by Brittany Raymer
Digital Writer & Editor
Virginia has tied its future to California, and plans to stop selling gas vehicles by 2035, despite objections from Republicans and Gov. Glenn Youngkin. May North Carolina follow a similar fate?
In 2021, then Virginia Gov. Ralph Northam (D) signed the Clean Cars bill, which essentially ties Virginia’s carbon emissions policies to that of California. In essence, they will now be mimicking the policies of a state that’s 2,600 miles away. This includes California’s tailpipe emissions standards and requiring car dealerships to only sell new electric cars by 2035. If you want a gas vehicle, you’ll have to cross state lines.
The problem is that it’s unclear if Virginia’s electrical grid can handle the additional strain of potentially millions of cars charging every day.
Republicans, with the support of now Gov. Youngkin, tried to block the bill and return the power over its energy policy back to the people of Virginia. The Democrats in control of the Senate disagreed.
“As the governor stated, Democrats in Virginia outsourced the decision-making on energy policy to unelected bureaucrats in California,” said Macaulay Porter, a spokesperson for Gov. Youngkin.
It appears that those ecowarriors in the Virginia Senate are more interested in virtue signally their climate credentials to California, a state that has sprawling homeless camps and a rampant crime problem, than trying to develop their own policies.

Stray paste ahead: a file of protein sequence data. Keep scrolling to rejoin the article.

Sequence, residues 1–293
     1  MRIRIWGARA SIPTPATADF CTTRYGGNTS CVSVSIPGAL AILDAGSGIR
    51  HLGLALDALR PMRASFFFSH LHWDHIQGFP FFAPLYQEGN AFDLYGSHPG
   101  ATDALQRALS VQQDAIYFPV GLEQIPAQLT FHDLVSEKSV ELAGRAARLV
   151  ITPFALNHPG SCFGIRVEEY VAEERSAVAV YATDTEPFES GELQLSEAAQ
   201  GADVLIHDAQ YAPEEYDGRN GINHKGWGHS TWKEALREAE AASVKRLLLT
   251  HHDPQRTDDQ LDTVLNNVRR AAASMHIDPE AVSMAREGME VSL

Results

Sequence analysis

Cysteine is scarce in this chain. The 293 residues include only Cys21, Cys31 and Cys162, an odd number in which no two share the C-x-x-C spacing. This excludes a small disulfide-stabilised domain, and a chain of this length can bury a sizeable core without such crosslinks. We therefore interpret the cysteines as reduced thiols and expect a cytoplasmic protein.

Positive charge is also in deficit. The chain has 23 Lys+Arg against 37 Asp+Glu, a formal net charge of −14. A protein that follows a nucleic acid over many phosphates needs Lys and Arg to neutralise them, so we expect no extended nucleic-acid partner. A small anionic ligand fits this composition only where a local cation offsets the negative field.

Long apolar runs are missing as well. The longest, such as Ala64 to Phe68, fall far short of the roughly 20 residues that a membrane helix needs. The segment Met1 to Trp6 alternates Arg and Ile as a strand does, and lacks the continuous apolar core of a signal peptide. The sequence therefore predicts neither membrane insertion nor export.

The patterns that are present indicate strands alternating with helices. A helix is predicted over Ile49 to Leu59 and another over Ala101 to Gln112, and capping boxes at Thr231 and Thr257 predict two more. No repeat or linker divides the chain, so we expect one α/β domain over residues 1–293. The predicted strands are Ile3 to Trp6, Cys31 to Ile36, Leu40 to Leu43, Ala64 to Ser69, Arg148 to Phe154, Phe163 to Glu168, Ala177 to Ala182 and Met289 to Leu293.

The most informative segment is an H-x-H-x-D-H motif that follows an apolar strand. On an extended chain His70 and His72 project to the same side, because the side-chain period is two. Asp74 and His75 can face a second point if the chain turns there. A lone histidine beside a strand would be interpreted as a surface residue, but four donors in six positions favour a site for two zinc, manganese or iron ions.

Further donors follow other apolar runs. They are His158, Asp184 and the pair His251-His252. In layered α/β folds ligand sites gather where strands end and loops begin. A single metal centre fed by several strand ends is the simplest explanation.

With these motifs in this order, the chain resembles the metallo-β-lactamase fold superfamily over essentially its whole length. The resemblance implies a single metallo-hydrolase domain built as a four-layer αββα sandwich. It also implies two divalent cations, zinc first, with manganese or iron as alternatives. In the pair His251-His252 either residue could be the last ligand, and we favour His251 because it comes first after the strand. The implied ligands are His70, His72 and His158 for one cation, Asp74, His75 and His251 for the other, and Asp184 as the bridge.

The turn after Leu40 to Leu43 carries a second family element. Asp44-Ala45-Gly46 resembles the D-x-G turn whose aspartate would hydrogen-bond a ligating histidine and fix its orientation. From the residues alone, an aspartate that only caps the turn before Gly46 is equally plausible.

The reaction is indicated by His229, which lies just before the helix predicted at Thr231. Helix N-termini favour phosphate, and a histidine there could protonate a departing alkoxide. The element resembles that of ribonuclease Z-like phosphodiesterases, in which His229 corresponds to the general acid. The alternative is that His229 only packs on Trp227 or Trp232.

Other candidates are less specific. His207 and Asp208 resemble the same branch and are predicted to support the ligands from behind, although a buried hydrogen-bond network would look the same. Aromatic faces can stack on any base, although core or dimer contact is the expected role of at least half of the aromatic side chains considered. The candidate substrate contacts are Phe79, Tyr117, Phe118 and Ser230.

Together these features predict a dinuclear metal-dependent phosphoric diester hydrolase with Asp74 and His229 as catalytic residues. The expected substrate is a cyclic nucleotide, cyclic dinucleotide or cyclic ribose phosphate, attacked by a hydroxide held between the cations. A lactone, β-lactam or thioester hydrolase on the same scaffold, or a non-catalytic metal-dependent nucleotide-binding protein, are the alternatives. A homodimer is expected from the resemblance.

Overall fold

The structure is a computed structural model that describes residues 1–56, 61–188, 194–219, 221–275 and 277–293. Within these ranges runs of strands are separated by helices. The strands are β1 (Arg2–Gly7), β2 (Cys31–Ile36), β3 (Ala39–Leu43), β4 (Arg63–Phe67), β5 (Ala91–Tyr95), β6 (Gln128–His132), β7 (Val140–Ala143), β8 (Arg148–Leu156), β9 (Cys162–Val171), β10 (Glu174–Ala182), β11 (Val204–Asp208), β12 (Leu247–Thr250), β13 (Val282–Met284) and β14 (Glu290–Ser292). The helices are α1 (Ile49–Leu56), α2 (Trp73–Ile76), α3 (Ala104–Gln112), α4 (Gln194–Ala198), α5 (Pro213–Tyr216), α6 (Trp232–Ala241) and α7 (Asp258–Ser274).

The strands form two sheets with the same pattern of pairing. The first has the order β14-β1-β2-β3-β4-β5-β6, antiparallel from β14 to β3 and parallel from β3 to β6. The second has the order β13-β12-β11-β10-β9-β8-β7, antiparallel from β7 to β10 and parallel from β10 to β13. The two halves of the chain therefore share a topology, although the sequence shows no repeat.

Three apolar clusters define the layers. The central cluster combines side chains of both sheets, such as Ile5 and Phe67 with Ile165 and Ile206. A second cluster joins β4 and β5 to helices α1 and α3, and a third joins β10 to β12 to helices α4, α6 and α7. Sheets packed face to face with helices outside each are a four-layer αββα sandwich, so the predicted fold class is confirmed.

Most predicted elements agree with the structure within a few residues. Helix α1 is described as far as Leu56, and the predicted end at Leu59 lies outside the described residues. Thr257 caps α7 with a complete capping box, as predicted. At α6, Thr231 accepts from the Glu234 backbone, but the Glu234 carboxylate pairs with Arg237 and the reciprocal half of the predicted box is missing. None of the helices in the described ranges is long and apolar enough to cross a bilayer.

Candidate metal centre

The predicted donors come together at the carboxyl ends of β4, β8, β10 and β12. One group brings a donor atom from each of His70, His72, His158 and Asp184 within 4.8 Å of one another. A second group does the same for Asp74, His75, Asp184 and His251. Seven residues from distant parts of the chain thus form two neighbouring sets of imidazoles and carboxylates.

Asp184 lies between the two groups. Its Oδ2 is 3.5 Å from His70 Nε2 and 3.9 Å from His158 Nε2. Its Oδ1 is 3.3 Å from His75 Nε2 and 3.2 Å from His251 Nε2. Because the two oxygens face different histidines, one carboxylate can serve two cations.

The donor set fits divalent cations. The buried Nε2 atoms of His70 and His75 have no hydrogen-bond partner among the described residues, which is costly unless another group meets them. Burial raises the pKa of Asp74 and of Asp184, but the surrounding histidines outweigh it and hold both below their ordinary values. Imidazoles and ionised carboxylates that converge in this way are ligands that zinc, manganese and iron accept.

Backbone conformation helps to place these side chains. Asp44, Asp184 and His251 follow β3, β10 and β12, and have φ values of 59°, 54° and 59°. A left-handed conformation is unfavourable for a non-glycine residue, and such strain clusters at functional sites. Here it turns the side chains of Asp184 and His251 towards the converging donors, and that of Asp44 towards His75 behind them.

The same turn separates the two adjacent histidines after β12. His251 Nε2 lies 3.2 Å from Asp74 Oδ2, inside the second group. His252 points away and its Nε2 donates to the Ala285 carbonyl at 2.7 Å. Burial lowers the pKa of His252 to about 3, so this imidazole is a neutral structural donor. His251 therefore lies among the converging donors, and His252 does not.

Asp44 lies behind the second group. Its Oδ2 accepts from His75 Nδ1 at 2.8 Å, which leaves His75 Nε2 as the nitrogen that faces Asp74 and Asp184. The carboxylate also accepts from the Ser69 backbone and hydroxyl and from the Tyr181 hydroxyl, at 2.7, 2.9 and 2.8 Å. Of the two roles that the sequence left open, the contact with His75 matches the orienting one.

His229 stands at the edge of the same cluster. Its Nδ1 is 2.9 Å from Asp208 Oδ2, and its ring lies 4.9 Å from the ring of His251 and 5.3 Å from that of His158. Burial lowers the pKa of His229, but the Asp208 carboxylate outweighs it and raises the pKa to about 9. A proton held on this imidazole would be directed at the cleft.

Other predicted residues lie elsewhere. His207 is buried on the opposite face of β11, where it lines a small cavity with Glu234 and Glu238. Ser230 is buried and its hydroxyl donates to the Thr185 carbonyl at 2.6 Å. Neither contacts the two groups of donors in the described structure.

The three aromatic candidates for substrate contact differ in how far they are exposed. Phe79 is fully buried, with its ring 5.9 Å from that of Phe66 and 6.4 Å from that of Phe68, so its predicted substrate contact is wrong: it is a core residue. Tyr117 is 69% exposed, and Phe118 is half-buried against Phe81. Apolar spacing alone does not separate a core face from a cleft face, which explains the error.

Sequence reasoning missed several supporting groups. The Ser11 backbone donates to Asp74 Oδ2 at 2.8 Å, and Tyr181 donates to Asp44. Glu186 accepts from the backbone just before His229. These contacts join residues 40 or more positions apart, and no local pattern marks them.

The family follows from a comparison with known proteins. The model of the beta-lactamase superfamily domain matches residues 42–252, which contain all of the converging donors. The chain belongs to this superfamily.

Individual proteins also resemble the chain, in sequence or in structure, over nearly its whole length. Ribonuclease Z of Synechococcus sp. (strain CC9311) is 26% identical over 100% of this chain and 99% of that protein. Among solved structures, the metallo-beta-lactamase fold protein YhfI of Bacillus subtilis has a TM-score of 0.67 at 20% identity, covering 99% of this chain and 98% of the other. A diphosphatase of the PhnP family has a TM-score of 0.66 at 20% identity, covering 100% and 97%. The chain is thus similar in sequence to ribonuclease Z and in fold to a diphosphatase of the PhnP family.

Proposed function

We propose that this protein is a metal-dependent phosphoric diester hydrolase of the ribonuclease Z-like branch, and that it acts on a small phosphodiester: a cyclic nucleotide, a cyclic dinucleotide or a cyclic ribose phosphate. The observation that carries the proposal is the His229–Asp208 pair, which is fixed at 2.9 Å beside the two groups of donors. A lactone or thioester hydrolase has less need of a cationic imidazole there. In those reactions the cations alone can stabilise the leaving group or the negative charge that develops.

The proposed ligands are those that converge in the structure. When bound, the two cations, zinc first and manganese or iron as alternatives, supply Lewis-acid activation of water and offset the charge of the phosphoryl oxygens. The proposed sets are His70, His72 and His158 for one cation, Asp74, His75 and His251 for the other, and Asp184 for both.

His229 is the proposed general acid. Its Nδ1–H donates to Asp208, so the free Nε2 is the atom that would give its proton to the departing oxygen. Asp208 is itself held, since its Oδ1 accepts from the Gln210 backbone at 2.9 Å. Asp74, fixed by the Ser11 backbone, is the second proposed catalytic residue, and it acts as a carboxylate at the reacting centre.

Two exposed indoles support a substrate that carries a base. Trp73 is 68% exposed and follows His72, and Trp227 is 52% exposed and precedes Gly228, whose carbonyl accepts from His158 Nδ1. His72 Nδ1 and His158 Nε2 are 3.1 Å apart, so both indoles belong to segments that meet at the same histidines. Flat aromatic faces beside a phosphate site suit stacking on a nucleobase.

Though North Carolina hasn’t tied its energy future to California, Gov. Roy Cooper has signed an executive order mandating that electric vehicles make up at least 50% of the market by 2030.
So where are all of these electric cars going to come from? Does North Carolina have a grid strong enough to support an influx of electric vehicles? What will we do with all of the gas power vehicles?
There were already rolling blackouts on Christmas, it’s doubtful that within the next seven years the power industry will be able to fuel potentially over a million cars every day. Even with potentially hundreds of wind turbines off the coast of Wilmington and thousands of solar panels, it’s unlikely that the system can support such a load. If it can, perhaps the Tar Heel State will deal with frustratingly unnecessarily daily blackouts and inconsistent power outages more akin to a developing country than one that houses the headquarters of Apple’s artificial intelligence projects.
Limiting carbon emissions isn’t necessarily a terrible thing, but sometimes it seems like supporters are so invested in the end goal they’re willing to force the country, or in this case the state, into the dark ages to see their ideals come to fruition.
Nuclear energy is one way that the state can help meet some of its electrical needs, while eliminating carbon emissions, but it’s unclear if North Carolina will fully invest in that option.